Also of interest:
More picks for our countrified reading picnic.

The Story of Ferdinand (Puffin Storytime)OTIS by Loren Long(Philomel, 2009)  A friendly little red tractor is the companion and comfort for a skittish new calf, but out with the old and in with the new, a snazzy new yellow model seems to do a better least, until the pretty little bovine is dramatically caught and sinking into Mud Pond. Endearing illustrations in largely sepia tones with splashes of tractor-paint color have a sentimental, vintage quality, and begs for animation like stills of an old-school Disney classic. Illustrations of the admiring little calf copying the tractor's front-wheel "handstand" and standing in the middle of a game of ring-around-the-rosy with some energetic ducks are so achingly dear, it's hard to not want to give this to every young child you know, if only to say, look how good the world can be! Long, who recently revisited THE LITTLE ENGINE THAT COULD with new illustration, continues to make use of classic book influences.  Breezes of the spirit of Robert McCloskey (MAKE WAY FOR DUCKLINGS, LENTIL) blow gently here in an old-fashioned sense of small-town community gathering to solve a problem, as well as cooperation between people and animals. To say this is a loving nod to Munro Leaf's FERDINAND, the peace-loving bull, is an understatement; more like a prequel (is the calf a young Ferdinand?), and likewise, has a gentle message: in the name of progress, careful not to discard the good of what has come before.  Something to sit under the apple tree and think about.  (4 and up)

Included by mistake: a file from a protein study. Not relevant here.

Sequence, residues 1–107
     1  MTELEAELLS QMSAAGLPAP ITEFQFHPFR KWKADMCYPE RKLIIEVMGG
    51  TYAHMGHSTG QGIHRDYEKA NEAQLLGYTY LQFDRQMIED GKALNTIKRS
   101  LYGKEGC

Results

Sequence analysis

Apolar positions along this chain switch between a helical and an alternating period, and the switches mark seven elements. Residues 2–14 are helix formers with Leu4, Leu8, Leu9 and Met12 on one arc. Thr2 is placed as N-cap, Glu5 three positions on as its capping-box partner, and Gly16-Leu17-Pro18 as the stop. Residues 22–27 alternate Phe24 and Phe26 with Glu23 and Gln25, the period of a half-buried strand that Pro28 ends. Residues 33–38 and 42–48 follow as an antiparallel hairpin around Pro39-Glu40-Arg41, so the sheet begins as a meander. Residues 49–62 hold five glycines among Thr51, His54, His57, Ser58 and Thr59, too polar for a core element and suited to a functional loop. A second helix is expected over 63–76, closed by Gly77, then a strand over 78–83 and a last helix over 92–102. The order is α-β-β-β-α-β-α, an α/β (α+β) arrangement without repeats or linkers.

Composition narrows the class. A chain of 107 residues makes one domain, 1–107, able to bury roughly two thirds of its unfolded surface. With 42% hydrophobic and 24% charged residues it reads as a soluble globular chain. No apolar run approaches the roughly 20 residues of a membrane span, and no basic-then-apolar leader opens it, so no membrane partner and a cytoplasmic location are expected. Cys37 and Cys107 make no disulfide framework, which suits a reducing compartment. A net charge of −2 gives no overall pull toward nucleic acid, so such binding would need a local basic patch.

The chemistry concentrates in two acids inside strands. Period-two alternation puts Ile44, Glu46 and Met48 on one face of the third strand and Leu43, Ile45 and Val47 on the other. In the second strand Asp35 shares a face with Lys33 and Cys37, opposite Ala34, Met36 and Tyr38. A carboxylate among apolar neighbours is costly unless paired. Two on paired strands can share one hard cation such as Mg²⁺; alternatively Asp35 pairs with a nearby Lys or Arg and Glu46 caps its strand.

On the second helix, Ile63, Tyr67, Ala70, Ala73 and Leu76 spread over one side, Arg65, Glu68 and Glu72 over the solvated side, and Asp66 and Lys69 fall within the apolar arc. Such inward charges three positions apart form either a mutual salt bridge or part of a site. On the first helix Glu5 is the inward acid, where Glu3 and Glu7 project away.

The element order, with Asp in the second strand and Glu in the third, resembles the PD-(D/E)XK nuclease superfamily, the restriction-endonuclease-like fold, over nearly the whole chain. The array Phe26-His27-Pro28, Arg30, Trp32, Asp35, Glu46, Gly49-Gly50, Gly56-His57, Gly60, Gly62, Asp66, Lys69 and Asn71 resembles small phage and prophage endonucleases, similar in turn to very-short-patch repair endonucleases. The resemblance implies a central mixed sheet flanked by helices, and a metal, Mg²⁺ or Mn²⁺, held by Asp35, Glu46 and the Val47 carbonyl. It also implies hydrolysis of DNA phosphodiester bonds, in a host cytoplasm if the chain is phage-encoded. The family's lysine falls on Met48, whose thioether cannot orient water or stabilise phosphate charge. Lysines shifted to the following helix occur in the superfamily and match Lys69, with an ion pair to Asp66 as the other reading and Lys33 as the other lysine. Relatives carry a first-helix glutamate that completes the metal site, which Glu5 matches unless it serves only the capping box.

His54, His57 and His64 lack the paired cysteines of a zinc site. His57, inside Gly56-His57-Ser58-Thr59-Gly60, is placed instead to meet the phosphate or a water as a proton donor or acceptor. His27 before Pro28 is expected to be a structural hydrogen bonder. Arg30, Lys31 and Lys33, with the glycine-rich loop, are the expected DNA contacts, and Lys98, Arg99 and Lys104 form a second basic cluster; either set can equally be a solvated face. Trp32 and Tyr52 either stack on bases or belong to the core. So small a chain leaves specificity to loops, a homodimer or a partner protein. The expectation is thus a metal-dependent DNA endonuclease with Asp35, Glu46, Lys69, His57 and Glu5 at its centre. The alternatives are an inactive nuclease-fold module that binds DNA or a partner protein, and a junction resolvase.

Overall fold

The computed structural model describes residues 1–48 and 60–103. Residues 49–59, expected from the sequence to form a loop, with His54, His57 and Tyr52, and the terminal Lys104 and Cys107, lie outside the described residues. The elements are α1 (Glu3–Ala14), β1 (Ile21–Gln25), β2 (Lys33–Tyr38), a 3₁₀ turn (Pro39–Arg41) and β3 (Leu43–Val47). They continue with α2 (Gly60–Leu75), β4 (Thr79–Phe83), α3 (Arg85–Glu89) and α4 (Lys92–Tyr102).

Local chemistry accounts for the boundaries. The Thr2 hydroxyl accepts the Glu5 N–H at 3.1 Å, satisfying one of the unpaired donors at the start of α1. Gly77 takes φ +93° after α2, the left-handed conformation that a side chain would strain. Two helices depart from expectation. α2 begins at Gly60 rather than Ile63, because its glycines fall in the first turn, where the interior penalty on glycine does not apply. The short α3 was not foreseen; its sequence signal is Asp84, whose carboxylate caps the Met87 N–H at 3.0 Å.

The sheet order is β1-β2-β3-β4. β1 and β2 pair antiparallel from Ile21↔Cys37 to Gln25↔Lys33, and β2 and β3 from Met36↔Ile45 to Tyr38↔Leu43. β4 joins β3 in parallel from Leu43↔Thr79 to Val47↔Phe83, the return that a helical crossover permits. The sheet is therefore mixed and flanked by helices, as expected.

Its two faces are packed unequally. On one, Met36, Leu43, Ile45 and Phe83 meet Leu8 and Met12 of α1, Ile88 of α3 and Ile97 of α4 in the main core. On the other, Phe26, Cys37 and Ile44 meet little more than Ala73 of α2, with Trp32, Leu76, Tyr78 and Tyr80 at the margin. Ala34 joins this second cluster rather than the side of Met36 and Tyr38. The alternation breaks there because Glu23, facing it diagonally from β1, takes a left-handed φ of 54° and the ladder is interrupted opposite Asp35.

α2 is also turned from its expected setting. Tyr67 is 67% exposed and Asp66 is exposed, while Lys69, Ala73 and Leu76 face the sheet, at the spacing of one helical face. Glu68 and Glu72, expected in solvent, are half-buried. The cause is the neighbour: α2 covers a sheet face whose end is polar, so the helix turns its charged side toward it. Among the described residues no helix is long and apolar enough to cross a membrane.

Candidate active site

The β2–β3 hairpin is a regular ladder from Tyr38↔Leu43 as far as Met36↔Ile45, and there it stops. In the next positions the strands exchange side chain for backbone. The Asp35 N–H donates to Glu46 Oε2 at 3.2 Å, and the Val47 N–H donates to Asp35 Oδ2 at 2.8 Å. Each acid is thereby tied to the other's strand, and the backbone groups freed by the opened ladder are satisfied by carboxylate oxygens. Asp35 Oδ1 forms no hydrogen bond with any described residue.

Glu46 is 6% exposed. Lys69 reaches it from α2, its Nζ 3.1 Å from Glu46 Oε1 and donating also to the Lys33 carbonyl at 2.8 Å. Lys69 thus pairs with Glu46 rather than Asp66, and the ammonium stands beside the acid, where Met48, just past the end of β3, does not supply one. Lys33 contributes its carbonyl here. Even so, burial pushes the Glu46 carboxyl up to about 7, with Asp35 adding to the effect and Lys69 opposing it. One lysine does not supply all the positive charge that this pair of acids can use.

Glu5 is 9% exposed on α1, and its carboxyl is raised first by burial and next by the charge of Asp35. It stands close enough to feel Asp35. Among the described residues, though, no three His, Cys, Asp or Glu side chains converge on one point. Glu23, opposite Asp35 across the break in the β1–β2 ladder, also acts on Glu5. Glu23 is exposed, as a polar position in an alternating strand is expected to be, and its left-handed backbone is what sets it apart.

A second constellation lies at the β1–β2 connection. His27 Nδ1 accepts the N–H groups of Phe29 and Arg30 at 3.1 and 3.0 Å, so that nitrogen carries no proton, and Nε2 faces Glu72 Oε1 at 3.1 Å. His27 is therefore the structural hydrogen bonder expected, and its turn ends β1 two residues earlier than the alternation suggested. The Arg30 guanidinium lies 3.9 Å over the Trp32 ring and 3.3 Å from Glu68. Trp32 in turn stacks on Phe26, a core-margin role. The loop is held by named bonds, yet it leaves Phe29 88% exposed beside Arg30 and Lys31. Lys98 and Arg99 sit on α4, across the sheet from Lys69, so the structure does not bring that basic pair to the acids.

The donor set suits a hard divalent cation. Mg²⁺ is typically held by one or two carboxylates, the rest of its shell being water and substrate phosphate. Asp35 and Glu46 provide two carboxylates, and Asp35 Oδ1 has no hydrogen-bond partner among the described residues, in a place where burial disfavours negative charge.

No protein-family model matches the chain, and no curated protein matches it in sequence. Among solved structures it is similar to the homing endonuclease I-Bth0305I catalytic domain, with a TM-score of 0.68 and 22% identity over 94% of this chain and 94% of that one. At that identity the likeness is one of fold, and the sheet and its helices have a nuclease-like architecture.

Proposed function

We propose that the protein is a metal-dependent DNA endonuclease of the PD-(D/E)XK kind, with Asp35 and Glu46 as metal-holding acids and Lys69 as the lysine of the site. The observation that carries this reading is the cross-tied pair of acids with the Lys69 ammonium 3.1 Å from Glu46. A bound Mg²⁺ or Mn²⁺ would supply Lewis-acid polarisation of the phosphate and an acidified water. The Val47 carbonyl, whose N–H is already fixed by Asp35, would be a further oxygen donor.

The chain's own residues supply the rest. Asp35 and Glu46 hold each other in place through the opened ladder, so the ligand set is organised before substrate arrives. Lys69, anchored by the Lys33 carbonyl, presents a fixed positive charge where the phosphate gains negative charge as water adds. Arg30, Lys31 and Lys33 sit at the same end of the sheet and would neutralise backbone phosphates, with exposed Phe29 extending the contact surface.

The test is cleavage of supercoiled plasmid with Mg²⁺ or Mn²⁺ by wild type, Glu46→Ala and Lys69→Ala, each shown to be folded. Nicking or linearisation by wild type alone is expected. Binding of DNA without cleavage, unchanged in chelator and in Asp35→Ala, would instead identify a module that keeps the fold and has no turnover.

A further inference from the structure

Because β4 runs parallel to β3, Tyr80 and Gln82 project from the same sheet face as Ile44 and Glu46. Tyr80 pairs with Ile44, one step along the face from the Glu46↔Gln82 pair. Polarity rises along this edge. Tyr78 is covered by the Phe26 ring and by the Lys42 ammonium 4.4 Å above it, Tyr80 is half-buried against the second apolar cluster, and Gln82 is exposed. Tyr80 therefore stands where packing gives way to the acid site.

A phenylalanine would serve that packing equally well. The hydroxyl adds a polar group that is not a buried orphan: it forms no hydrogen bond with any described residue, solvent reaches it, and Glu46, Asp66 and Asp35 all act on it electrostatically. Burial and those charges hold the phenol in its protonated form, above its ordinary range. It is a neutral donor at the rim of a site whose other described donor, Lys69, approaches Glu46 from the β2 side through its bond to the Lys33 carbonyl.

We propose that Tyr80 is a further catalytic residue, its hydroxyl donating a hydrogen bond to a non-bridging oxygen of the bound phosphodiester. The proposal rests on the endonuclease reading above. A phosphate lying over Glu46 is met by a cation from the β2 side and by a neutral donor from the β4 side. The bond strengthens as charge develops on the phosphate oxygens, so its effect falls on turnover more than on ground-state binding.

Our Farm: By the Animals of Farm SanctuaryOUR FARM:  BY THE ANIMALS OF FARM SANCTUARY by Maya Gottfried, illustrated by Robert Rahway Zakanitch (Knopf, 2010)  This collection of beautiful poems have  bylines by livestock, and show the world as seen through their eyes.  Hear the prayer of gratitude from a sheep, the haiku of a nervous rabbit, get a rather up close and personal introduction to two peckish goats ("Yummy pants leg. / Can I try some? / I'd like to nibble on your sleeve. / Nice shoes, do they taste good? / Nice to meet / chew.") twirl with the turkeys ("See out magnificent/dance/in/the/grass. / We are so graceful, /like/a/ballet/class")  and read a short autobiography of a pig who is convinced she is a flower, and might convince readers, too.  The artwork is a stand-out, with handsome, colorful animal portraits in watercolor paint and complimentary sketches in pencil and pen.  Each poem was inspired by farm friends that really lived.  What an inspiration for young writers to take on the voices and observations of animals around them! Or break out your favorite Folkmanis puppets and have a poetry reading.  (Have you seen the bristly new piggy puppet?  It's very nice.)  Good cheer and an appreciation of nature cluck, baa and moo on every page.  (5 and up)